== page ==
San Francisco Policies for Assigning Students to Schools, Proposition H (November 2011)

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A San Francisco Policies for Assigning Students to Schools Amendment, Proposition H was on the November 8, 2011 ballot for voters in San Francisco, where it appears to have been very narrowly defeated.

The approval of Proposition H would meant that it would become an official policy of the City of San Francisco to encourage San Francisco Unified School District to give the highest priority to assigning each student to the school closest to the student's home.

Election results

San Francisco Proposition H
Defeatedd No91,67850.04%
Yes 91,525 49.96%
Election results are from the San Francisco elections office as of 5:30 a.m. PST on Thursday, November 24, 2011.



The official voter guide arguments in favor of Proposition H were signed by:

  • Chris Miller, Chairman, Students First
  • Tami Aviles (Gin)
  • Carol Endo

Arguments in favor

They made these arguments:

  • "San Francisco loses many frustrated families every year. This is due largely to the current SAS policies, which do not favor – and in most cases do not even consider – neighborhood proximity when offering seats at overcrowded schools."
  • "Imagine living only blocks away from your neighborhood school, and being told your child must attend a school, far from home. Not only does this not make practical sense, it also costs taxpayers more money, causes unnecessary traffic, takes away from family and study time, imposes undue financial and logistical burden for parents (especially with children attending different schools), and makes parent involvement difficult."
  • "Passing Prop H will tell the School District and Board that voters want a student assignment system based on quality neighborhood schools for all; that it’s time to bring quality neighborhood schools to all students, rather than telling some students to leave their neighborhood to pursue a quality education. This will enhance the quality of life for all students and residents of San Francisco by reducing travel time, stress, traffic congestion, pollution, and wasted resources for busing, and will allow parents and community to become more involved with their schools."



The official voter guide arguments opposing Proposition H were signed by:

  • United Educators of San Francisco, Dennis Kelly, President
  • Mark Leno
  • Hydra Mendoza
  • Norman Yee
  • Rachel Norton
  • Jill Wynns
  • Emily Murase
  • Kim-Shree Maufas
  • Sandra Fewer
  • Eric Mar
  • Jane Kim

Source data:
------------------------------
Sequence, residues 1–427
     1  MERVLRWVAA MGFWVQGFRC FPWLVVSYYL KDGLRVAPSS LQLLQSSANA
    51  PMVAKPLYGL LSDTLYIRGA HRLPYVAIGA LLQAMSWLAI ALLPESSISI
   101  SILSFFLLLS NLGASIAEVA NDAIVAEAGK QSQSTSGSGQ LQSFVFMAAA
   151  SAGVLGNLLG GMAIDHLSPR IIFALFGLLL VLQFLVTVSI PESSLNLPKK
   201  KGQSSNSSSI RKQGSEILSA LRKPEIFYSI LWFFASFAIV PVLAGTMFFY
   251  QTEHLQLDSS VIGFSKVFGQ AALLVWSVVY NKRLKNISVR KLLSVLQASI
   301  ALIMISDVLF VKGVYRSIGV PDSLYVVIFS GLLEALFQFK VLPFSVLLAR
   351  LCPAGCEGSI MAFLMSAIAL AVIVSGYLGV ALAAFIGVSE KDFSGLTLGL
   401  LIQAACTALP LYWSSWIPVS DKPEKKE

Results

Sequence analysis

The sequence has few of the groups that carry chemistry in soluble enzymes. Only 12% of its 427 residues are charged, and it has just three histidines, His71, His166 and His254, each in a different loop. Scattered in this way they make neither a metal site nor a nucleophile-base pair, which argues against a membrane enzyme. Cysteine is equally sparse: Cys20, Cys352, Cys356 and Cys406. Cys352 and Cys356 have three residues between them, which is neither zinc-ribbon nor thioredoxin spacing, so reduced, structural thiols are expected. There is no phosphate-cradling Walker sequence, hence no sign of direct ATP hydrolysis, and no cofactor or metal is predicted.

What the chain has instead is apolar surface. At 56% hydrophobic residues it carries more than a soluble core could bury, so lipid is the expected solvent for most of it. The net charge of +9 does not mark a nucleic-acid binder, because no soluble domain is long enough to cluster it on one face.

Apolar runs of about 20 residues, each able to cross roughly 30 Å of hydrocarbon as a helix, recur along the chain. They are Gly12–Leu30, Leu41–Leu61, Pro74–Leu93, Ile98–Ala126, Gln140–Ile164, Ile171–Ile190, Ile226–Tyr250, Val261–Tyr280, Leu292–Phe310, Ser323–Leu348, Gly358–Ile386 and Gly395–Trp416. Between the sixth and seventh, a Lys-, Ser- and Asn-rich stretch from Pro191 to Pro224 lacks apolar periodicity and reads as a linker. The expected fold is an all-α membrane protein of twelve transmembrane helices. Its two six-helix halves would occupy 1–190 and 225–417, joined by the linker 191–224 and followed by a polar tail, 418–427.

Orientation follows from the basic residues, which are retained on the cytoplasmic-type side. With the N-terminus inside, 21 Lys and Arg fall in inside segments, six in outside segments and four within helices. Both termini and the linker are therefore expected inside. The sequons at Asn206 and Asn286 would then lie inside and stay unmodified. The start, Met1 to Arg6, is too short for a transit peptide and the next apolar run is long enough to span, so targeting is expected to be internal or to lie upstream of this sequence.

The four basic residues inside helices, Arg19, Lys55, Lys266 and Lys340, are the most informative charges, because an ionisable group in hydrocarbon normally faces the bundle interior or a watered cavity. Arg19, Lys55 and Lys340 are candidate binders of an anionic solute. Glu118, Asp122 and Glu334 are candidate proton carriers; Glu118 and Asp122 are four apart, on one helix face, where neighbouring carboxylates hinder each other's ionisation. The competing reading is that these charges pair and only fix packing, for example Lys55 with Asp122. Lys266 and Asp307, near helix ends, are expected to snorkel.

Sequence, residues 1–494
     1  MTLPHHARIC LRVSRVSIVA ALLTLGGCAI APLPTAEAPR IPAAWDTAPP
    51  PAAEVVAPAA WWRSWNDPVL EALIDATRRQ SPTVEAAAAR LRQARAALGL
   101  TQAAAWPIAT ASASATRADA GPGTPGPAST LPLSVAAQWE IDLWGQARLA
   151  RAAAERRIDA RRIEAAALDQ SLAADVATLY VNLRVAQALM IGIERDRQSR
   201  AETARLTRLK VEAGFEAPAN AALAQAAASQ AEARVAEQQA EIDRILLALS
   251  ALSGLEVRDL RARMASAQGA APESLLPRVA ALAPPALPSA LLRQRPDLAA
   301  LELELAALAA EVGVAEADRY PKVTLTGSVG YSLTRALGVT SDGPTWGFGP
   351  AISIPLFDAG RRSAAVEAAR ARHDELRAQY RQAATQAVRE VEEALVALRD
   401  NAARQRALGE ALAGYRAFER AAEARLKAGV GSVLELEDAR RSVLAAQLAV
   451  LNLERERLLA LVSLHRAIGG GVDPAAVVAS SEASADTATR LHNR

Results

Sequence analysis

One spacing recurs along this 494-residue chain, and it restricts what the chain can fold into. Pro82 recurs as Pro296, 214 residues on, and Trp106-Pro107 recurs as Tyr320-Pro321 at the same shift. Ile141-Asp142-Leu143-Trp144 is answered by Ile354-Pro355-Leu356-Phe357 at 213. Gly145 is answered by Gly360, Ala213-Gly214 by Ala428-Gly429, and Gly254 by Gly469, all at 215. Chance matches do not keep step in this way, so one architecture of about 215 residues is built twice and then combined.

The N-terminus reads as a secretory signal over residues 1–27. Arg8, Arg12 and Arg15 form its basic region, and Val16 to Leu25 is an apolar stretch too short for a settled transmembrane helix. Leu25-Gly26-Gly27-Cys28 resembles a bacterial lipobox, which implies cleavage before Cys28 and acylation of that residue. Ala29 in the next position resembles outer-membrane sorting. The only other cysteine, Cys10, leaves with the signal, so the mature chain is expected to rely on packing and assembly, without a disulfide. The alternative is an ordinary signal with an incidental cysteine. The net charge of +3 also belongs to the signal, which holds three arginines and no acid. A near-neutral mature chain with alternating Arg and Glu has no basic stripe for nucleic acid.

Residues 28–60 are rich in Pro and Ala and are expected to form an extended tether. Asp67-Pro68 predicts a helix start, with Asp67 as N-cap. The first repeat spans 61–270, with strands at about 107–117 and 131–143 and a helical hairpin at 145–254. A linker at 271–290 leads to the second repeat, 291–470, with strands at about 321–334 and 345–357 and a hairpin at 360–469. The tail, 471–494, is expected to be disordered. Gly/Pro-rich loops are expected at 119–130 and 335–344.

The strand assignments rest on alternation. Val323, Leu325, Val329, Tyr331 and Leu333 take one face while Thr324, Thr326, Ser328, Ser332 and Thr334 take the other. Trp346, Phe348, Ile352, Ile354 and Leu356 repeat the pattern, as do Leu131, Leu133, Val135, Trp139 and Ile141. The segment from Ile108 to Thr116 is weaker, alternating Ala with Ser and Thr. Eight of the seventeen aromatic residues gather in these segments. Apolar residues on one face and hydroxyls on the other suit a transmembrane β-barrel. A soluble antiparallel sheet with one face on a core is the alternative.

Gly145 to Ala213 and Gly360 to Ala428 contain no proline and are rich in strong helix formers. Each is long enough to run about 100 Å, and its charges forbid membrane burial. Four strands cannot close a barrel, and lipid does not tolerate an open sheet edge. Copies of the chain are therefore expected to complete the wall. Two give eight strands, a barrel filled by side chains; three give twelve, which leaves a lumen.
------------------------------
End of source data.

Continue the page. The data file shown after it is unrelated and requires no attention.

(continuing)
Arguments against

The ballot guide arguments against Proposition H said:

  • "Proposition H is another well-intentioned fatally flawed measure. While Prop H claims it will help students, it will cause more harm than good. People closest to the classroom, parents and teachers and school board members, are urging a NO on Prop H because it is COSTLY, UNNECESSARY and POORLY WRITTEN."
  • "Shrinking revenues and catastrophic cuts to public education, Prop H would create a new costly requirement for our school district. Rather than helping students in the classroom, Proposition H would advise school district officials to dedicate time and resources to create a whole new bureaucracy to administer student attendance assignments."
  • "Prop H is so badly written that it can cause chaos in our schools by mandating the school board create reassignment of students in our district even after they have started the school year! The language in Proposition H takes effect immediately even though the school year has begun. Most of the student population could be forced to change schools in the middle of the semester. Students and parents who have come to know their teachers and family routines could see themselves uprooted and transferred to other school sites."

Ballot text

The question on the ballot:

PROPOSITION H: "Shall it be City policy to encourage the San Francisco Unified School District to change its student assignment system so that it places the highest priority on assigning each student to the school closest to home, after placing siblings in the same school?"[1]

Path to the ballot

Proposition H earned its spot on the ballot through the collection of signatures on initiative petitions. 7,168 signatures were required (5% of the total number of people who voted for mayor in 2007).

External links

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